The Wrath of Khan was two-faced on the dating - the title card identified the time period as the 23rd century, yet Khan said that he ruled a large part of Earth two centuries before, which would place his rule in the late 21st century.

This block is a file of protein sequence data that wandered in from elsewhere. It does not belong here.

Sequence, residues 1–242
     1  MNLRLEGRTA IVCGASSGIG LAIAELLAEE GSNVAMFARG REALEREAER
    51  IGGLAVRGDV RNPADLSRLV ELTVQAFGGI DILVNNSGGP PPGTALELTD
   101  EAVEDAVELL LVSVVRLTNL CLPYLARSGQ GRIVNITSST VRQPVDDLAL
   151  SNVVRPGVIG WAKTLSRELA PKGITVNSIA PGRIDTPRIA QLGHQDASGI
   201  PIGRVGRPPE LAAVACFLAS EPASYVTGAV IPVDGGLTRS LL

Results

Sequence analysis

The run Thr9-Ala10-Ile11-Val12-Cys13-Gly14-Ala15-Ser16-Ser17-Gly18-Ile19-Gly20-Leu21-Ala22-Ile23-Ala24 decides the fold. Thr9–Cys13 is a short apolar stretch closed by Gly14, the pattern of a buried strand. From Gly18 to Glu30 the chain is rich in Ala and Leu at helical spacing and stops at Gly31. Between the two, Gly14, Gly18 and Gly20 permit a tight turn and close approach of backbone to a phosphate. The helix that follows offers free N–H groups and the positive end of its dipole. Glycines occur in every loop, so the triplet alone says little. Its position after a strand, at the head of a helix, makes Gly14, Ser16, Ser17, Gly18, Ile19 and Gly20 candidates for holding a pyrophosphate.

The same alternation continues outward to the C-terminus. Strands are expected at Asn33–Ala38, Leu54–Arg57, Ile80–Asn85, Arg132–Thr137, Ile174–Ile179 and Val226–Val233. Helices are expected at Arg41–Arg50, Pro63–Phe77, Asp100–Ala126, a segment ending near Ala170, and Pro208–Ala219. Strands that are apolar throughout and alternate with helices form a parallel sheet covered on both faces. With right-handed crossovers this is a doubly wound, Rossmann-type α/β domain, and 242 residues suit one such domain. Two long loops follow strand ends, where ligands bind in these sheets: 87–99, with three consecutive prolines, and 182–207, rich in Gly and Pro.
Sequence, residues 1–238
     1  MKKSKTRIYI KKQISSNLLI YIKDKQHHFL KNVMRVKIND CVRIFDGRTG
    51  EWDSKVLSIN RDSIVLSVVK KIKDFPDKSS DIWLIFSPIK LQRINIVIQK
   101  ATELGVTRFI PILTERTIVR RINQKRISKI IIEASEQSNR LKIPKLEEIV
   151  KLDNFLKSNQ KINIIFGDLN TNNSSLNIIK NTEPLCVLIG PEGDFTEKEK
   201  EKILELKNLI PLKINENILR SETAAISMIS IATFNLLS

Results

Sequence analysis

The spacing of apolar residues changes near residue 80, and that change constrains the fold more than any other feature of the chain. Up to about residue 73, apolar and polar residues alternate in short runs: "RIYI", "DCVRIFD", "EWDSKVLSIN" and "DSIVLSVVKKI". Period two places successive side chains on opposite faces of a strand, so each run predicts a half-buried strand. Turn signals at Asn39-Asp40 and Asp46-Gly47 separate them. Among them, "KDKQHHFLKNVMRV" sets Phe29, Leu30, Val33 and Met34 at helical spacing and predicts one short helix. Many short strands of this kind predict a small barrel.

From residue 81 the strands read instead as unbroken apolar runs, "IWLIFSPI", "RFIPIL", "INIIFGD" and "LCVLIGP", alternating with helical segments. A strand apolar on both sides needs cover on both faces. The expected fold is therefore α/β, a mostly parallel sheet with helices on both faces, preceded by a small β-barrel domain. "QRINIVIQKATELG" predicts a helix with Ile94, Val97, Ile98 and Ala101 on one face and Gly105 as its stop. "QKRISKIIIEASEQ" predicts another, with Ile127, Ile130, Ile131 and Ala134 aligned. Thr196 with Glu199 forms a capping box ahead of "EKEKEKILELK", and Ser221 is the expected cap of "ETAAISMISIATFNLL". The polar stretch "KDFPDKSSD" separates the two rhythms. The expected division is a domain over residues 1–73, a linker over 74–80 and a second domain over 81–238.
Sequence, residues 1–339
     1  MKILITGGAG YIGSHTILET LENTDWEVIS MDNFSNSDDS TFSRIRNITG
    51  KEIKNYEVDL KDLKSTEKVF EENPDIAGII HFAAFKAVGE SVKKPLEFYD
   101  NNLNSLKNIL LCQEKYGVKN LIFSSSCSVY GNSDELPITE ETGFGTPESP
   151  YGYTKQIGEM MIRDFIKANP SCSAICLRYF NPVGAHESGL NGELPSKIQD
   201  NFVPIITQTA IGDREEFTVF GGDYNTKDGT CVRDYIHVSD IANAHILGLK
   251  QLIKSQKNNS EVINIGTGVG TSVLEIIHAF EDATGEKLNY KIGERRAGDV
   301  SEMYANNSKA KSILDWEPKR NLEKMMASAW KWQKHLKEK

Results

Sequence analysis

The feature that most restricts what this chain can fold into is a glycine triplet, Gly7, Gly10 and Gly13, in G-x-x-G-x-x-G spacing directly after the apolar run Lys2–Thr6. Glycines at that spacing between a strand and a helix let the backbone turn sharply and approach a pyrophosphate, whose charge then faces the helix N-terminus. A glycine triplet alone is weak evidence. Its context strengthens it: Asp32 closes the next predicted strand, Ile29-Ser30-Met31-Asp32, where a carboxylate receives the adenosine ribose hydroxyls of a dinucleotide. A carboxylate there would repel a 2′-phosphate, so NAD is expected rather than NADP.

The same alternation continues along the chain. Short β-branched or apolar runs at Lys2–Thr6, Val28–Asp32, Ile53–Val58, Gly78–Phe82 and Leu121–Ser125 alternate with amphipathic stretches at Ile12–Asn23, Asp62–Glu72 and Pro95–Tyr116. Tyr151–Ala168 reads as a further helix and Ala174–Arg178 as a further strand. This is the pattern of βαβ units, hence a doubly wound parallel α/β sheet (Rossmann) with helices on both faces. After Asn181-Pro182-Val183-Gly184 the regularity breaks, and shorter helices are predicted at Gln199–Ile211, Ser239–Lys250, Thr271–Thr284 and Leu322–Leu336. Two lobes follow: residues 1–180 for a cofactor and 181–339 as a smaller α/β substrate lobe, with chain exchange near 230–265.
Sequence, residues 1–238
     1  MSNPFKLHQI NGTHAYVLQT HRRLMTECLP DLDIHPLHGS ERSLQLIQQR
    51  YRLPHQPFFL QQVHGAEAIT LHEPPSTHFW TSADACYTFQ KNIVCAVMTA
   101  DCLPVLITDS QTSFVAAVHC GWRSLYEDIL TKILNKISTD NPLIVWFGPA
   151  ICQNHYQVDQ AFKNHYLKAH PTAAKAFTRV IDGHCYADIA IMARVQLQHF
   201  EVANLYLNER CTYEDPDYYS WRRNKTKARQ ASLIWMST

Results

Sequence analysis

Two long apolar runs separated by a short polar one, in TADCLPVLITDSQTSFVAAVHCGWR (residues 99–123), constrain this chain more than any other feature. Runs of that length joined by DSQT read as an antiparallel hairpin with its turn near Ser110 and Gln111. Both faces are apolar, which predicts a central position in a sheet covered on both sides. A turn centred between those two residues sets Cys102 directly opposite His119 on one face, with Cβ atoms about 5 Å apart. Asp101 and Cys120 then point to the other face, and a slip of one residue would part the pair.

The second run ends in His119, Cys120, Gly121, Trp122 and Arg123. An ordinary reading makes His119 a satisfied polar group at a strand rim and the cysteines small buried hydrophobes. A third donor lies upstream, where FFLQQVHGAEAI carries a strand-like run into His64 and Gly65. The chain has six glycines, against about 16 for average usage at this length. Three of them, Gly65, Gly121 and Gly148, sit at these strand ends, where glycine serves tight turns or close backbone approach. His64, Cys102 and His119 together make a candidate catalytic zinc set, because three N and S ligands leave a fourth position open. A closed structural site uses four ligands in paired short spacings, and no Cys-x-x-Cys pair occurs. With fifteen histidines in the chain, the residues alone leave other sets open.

Maybe that was the intent. After all, the mid-1990s were a lot closer in 1982 than they were in 1967, so it's quite possible the filmmakers were retconning the timeframe of the Eugenics Wars, pushing them into the future to make it less implausible to contemporary audiences. It wouldn't have been the only retcon in TWOK -- see Khan and Chekov having a history, Khan's multiethnic followers turning into a bunch of blond Nordic types and becoming impossibly young for people who'd been stranded as adults 15 years earlier, their residences on Ceti Alpha V being adorned with movie-era equipment rather than TOS-era, Kirk having "never faced death" despite having lost Gary, Edith, Sam, and Aurelan and lived through the Tarsus IV disaster as a youth, etc. Fans today get so up-in-arms about continuity problems in new Trek productions, but they tend to overlook how cavalier TWOK, which so many of them consider the definitive Trek movie, was about continuity.